"Balance state budget without assaulting poor".

    There's much more: "Threats of early prisoner releases and the potential for bank failures emerged Wednesday as a series of austere spending measures advanced in the Florida Senate as part of the budget-writing process."
    One panel unanimously agreed on a justice system budget that includes eliminating 2,200 positions from the Department of Corrections and 382 from court support staff. ...

    The prison reductions are a powerful bargaining chip to get legislative leaders to allocate more money for the entire justice system, Crist said. That's because the prison cuts could lead to the early release of inmates under a federal court order that prohibits overcrowding.

    The House's $65 billion proposed budget bill for the fiscal year that starts July 1 would cut fewer prison jobs — 900 — but more court support positions — 542. Judges and other elected judicial officials cannot be let go.
    "Corrections, courts are eyed for cuts". See also "Austere budget brings threats of prisoner releases, bank failures". Mike Thomas this morning:
    Florida lawmakers are slashing services to the poor with a rusty sling blade.

    They do that rather than eliminate special-interest tax exemptions for corporations and wealthy residents.

    Evangelical leaders such as Joel Hunter are questioning the morality of a regressive tax system that targets low-income residents, and then hits them with the deepest cuts.

    It's a new twist on injecting Christian ideology into government.
    A lot more here: "Ask yourself: What would Jesus cut?". See also "Proposed cuts could slash hard-won senior funding".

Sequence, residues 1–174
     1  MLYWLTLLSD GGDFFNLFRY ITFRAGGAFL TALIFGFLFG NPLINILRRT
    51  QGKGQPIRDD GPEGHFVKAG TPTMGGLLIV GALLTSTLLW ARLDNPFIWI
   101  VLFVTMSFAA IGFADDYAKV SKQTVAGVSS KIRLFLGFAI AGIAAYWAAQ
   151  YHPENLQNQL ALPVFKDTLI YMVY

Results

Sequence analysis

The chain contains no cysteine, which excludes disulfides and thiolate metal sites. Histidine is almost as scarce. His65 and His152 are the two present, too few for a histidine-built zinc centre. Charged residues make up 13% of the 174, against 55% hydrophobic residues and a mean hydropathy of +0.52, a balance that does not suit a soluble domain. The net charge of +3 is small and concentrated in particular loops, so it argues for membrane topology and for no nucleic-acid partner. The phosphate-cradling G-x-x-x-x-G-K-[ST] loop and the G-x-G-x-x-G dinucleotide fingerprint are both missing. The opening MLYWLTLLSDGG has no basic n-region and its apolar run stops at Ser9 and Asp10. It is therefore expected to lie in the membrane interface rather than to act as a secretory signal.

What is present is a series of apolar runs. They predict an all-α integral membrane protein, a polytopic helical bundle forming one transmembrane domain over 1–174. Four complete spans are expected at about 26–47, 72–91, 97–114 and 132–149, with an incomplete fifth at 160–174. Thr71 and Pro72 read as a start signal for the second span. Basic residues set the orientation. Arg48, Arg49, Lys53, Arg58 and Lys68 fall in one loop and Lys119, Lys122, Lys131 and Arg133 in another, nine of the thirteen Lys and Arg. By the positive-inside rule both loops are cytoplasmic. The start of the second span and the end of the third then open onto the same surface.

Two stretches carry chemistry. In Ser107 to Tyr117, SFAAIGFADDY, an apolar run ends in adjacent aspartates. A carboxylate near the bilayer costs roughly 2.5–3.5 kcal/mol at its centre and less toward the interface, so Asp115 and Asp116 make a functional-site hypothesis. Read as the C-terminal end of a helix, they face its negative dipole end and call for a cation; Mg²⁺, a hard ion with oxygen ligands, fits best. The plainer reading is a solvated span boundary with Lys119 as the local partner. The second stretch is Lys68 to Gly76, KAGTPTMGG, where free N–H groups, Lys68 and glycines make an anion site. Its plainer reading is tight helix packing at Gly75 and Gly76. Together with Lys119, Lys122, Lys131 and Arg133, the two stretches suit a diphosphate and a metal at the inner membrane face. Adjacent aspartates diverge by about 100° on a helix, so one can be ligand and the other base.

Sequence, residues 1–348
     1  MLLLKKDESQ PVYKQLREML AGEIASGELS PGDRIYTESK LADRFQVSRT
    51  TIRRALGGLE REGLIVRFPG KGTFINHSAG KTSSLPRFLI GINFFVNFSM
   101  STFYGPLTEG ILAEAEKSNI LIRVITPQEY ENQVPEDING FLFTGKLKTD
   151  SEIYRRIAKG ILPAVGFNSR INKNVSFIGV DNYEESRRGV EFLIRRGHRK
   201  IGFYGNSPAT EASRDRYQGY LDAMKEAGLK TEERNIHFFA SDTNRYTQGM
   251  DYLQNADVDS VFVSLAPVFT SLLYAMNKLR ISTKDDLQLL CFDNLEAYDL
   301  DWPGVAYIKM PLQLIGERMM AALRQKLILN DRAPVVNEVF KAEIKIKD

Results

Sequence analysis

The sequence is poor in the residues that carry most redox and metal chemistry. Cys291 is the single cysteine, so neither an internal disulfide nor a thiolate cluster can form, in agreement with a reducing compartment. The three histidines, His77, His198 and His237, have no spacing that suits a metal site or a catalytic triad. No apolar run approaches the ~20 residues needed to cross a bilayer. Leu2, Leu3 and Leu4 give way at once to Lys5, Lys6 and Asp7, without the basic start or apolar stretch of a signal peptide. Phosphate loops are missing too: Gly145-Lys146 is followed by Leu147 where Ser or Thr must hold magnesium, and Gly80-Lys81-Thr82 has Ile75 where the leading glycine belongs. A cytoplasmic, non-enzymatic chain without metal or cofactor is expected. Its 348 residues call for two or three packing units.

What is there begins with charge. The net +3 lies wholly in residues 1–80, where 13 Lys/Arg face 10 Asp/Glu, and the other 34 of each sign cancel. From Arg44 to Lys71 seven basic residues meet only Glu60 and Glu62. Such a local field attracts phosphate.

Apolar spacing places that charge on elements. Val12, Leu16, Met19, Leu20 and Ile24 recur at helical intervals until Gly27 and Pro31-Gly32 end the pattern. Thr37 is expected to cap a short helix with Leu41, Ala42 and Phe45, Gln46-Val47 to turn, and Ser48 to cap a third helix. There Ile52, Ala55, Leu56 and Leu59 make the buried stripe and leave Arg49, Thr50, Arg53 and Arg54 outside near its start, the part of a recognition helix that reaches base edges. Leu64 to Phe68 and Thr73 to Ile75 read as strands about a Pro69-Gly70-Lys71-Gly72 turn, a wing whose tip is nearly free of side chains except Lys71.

"Central Florida schools, already bracing to cut hundreds of teaching jobs, were staggered again Wednesday by a Florida Senate school-funding plan that could force even deeper reductions. The Senate proposal earmarks $79 million less for schools than a House plan released earlier this week that led officials in Orange, Seminole and Volusia counties to warn that job cuts were likely." "Schools fear even deeper cuts under state Senate funding plan".

    Mend it, don't end it

    The Senate proposal earmarks $79 million less for schools than a House plan released earlier this week that led officials in Orange, Seminole and Volusia counties to warn that job cuts were likely.".

    "Florida's once-praised system of using tax dollars to help candidates running for statewide office could become political history."

    The Florida House voted Wednesday to scrap the system that offers candidates for governor and state Cabinet posts the chance to tap public financing if they agree to overall spending limits. ...

    The law was designed to curtail the influence of big-money contributors by imposing spending limits and by providing public funds to candidates whose rivals exceeded the spending cap. But critics said it was made toothless by changes that allowed politicians to tap more than $11 million in taxpayer cash in the 2006 elections.